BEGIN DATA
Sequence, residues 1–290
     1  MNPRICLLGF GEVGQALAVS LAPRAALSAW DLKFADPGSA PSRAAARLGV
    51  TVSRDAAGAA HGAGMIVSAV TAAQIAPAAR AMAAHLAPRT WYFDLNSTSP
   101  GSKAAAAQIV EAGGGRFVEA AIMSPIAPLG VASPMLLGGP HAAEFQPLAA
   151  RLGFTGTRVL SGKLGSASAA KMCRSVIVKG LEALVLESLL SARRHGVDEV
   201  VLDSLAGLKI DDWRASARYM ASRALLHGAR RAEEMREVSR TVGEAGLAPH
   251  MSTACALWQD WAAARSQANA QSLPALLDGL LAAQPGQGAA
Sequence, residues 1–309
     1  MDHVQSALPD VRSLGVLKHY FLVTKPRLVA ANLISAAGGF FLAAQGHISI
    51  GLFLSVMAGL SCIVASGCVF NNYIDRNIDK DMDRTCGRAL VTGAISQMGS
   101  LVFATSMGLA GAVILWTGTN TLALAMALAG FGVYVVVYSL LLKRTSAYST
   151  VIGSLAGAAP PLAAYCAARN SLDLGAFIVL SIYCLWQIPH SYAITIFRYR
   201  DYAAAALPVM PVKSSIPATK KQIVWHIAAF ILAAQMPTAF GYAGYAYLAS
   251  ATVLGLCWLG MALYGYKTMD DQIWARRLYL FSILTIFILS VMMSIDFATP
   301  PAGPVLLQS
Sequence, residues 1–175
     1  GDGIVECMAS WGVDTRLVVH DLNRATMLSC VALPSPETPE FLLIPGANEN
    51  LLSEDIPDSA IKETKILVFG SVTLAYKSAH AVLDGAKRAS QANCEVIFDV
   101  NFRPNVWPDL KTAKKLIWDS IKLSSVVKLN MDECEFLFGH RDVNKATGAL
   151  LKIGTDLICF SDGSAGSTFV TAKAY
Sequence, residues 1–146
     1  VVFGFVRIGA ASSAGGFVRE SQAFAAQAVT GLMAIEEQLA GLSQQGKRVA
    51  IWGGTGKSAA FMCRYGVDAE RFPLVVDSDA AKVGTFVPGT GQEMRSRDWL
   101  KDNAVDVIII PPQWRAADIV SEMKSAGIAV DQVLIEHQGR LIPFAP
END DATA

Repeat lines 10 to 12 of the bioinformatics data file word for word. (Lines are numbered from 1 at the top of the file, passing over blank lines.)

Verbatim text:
    51  GLFLSVMAGL SCIVASGCVF NNYIDRNIDK DMDRTCGRAL VTGAISQMGS
   101  LVFATSMGLA GAVILWTGTN TLALAMALAG FGVYVVVYSL LLKRTSAYST
   151  VIGSLAGAAP PLAAYCAARN SLDLGAFIVL SIYCLWQIPH SYAITIFRYR